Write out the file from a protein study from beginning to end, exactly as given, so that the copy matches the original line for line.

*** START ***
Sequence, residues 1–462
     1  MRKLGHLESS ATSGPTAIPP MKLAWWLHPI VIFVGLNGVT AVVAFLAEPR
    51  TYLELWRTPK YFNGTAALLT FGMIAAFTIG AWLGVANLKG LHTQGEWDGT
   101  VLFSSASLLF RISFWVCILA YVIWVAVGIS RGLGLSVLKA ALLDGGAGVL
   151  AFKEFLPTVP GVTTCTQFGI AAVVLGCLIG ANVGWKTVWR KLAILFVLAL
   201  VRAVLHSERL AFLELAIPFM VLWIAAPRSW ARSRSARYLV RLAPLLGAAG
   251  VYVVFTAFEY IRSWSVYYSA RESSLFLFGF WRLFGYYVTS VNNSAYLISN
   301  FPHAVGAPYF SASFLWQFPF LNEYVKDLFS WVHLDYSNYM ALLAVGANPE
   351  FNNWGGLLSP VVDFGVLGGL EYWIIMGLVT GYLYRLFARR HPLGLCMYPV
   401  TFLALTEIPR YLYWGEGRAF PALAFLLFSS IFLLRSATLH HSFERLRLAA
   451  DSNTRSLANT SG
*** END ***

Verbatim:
Sequence, residues 1–462
     1  MRKLGHLESS ATSGPTAIPP MKLAWWLHPI VIFVGLNGVT AVVAFLAEPR
    51  TYLELWRTPK YFNGTAALLT FGMIAAFTIG AWLGVANLKG LHTQGEWDGT
   101  VLFSSASLLF RISFWVCILA YVIWVAVGIS RGLGLSVLKA ALLDGGAGVL
   151  AFKEFLPTVP GVTTCTQFGI AAVVLGCLIG ANVGWKTVWR KLAILFVLAL
   201  VRAVLHSERL AFLELAIPFM VLWIAAPRSW ARSRSARYLV RLAPLLGAAG
   251  VYVVFTAFEY IRSWSVYYSA RESSLFLFGF WRLFGYYVTS VNNSAYLISN
   301  FPHAVGAPYF SASFLWQFPF LNEYVKDLFS WVHLDYSNYM ALLAVGANPE
   351  FNNWGGLLSP VVDFGVLGGL EYWIIMGLVT GYLYRLFARR HPLGLCMYPV
   401  TFLALTEIPR YLYWGEGRAF PALAFLLFSS IFLLRSATLH HSFERLRLAA
   451  DSNTRSLANT SG